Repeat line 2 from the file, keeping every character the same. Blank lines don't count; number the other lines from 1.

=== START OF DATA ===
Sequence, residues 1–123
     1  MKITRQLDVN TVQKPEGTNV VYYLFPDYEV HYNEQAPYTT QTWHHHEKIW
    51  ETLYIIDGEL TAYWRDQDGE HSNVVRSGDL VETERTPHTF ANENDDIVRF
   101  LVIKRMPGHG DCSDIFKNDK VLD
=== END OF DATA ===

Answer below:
     1  MKITRQLDVN TVQKPEGTNV VYYLFPDYEV HYNEQAPYTT QTWHHHEKIW